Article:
“A Field of Strangeness”: Anna Kavan’s “Ice” and the Merits of World-Blocking

What makes a garden a garden (as opposed to a field or forest) is precisely the fact that it has been controlled. […] In a peculiar way, the unreality of the outer world appeared to be an extension of my own disturbed state of mind. And night falls. There is a description in Ice that

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An Excerpt of Khaled Osman’s ‘La Colombe et le Moineau’: ‘The Utter Madness That I’m Witnessing Here’

  Hicham. If truth be told, he was only pretending not to know the identity of the injured man. Osman introduces us to characters who are deeply flawed, deeply heroic, and deeply human.   With a description like that, this injured man could have been anyone: a cousin, a friend, or…well…a perfect stranger.   Finally,

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Where It Happened: Documenting the American Places We’d Like to Forget

So also with a concrete boat ramp leading into a river right outside Natchez, Mississippi. A similar haunting effect is present in another shot commemorating a Plains Indians site, this one a few riders on horseback making their way toward the place where, in 1862, 38 Sioux Indians were hung in Mankato, Minnesota, the largest

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Cactus Love: On “Xerophile: Cactus Photographs from Expeditions of the Obsessed”

There are cactus-shaped coasters, cactus-shaped margarita glasses, and a cactus-shaped bottle opener. The preface describes the images as “evidence.” A few are a bit blurry, either because of faltering focus or because of the low quality of the camera and lens, but this somehow only adds to the sense of authenticity. There are opuntia spines

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Ahmed El Attar’s ‘Before the Revolution,’ Where ‘Revolution Hangs Silently Over Everything’

Egyptian author Omar Robert Hamilton’s recent novel, The City Always Wins, explicitly omitted the “18 days” in Tahrir Square from his narrative. He blogs at https://onpaper.blog. Instead, people have been trying to find ways to approach it from different angles – to sneak up on the revolution from behind. The assassination of Farag Foda and

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Standing at the piano, Meynell says, “he would gaze at the performer, his body waving to and fro in tremulous pleasure.” As a young man, he had shirked his studies at the medical college to attend musical performances. The passage I’m thinking of is one where Meynell describes the poet’s love of music, which expressed

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Toward a Humor-Positive Feminism: Lessons from the Sex Wars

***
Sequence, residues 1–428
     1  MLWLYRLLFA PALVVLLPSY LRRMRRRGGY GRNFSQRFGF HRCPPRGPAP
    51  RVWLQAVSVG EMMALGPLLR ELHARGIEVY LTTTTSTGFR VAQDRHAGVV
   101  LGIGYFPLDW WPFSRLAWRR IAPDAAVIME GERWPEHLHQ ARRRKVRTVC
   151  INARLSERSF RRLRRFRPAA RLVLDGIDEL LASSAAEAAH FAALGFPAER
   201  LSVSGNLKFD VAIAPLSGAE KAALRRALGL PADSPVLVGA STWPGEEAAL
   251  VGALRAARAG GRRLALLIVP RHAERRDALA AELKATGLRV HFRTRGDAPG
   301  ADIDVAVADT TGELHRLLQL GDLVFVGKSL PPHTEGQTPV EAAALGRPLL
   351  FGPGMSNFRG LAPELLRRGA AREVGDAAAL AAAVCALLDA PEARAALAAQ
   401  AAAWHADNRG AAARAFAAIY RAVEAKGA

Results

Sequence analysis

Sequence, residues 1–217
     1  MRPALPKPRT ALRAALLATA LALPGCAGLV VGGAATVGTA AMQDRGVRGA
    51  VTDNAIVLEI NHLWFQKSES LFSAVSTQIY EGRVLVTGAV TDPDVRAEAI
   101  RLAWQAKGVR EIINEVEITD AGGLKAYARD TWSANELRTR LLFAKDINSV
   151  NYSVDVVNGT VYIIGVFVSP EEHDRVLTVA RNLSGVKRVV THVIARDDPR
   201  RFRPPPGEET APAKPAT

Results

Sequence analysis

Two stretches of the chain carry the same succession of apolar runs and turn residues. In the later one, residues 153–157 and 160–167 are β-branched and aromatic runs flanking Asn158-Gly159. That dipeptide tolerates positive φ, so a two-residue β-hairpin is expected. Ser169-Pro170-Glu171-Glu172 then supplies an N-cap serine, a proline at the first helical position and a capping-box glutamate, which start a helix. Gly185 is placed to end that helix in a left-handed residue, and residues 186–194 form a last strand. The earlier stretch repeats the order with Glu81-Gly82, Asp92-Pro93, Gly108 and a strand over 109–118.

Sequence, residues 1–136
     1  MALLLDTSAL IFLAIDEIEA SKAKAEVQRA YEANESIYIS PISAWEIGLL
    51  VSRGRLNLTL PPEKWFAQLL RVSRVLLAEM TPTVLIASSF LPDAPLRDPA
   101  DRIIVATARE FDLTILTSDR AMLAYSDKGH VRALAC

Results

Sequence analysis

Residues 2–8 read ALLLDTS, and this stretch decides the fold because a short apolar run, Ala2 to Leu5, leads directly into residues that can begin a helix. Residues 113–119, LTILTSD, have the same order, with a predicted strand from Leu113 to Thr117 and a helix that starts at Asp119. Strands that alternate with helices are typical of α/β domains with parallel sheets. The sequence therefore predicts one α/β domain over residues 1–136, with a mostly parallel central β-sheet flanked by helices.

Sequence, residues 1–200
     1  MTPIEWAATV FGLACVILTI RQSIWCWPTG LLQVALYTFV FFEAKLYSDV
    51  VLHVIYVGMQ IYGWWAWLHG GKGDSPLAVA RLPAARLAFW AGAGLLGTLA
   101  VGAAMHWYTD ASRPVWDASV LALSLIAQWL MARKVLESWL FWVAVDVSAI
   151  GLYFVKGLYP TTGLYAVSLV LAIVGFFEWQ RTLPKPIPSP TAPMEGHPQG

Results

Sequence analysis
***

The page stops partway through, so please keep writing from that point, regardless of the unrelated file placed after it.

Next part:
West’s insightful essay later led to a 2013 TV debate with comedian Jim Norton as well as her best-selling memoir, Shrill: Notes from a Loud Woman, where she describes the fallout of becoming one of the United States’s best-known feminist comedy commentators, including her subsequent, painful decision to stop going to comedy shows. Mainstream feminist

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Sunday Submissions: ‘World Literature Today’ Translation Prize

Advertisements Share this:TwitterFacebookEmailPrintLinkedInRedditGoogleTumblrWhatsAppPinterestTelegramPocketSkypeLike this:Like Loading…‹ International Prize for Arabic Fiction Hosts Ninth Nadwa in Abu Dhabi, With New FunderCategories: submissions There’s also more information on the prize at the   WLT   website. Those who ware interested can put in their submission via Submittable. There is, unfortunately, an entry fee of $10. The World Literature Today

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Second Acts: A Second Look at Second Books of Poetry: Susan Stewart and Jennifer Chang

I feel it is important to focus more intently on early work, if only to appreciate how and in what ways a poet has evolved, something perhaps especially appropriate for Stewart, who has written discerningly about the primacy of praxis and process in the poetic endeavor. Second books make an especially provocative place to delve

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International Prize for Arabic Fiction Hosts Ninth Nadwa in Abu Dhabi, With New Funder

Ashraf Fagih (Saudi Arabia) is a writer born in 1977. He lived most of his life in Saudi Arabia before moving to the UAE five years ago, where he works in online technology and services and journalism. Advertisements Share this:TwitterFacebookEmailPrintLinkedInRedditGoogleTumblrWhatsAppPinterestTelegramPocketSkypeLike this:Like Loading…‹ Friday Finds: An Excerpt from ‘Al Hallaj’Categories: International Prize for Arabic Fiction (IPAF) She

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LARB Radio Hour: Errol Morris Explores the Death of Truth in America, Past and Present

As Morris explains, a society that builds powerful, secretive, violent institutions cannot also be an honest democracy with citizens who demand to know the truth — and what better way to deliver this message than an uncanny, six-part, binge-worthy, murder mystery. How did our belief in democratic ideals get warped into what Errol Morris terms

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